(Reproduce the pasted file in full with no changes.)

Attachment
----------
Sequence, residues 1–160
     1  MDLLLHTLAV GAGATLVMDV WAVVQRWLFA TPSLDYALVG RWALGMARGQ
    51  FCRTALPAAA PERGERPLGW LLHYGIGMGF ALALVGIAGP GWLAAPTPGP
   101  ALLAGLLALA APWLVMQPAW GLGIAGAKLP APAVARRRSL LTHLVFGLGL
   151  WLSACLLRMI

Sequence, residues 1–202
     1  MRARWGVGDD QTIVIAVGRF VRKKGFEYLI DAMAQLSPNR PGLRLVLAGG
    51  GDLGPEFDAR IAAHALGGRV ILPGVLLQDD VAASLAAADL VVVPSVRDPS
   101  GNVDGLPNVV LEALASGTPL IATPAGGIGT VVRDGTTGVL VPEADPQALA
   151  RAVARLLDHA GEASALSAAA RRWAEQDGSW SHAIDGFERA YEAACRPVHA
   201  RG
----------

Sequence, residues 1–160
     1  MDLLLHTLAV GAGATLVMDV WAVVQRWLFA TPSLDYALVG RWALGMARGQ
    51  FCRTALPAAA PERGERPLGW LLHYGIGMGF ALALVGIAGP GWLAAPTPGP
   101  ALLAGLLALA APWLVMQPAW GLGIAGAKLP APAVARRRSL LTHLVFGLGL
   151  WLSACLLRMI

Sequence, residues 1–202
     1  MRARWGVGDD QTIVIAVGRF VRKKGFEYLI DAMAQLSPNR PGLRLVLAGG
    51  GDLGPEFDAR IAAHALGGRV ILPGVLLQDD VAASLAAADL VVVPSVRDPS
   101  GNVDGLPNVV LEALASGTPL IATPAGGIGT VVRDGTTGVL VPEADPQALA
   151  RAVARLLDHA GEASALSAAA RRWAEQDGSW SHAIDGFERA YEAACRPVHA
   201  RG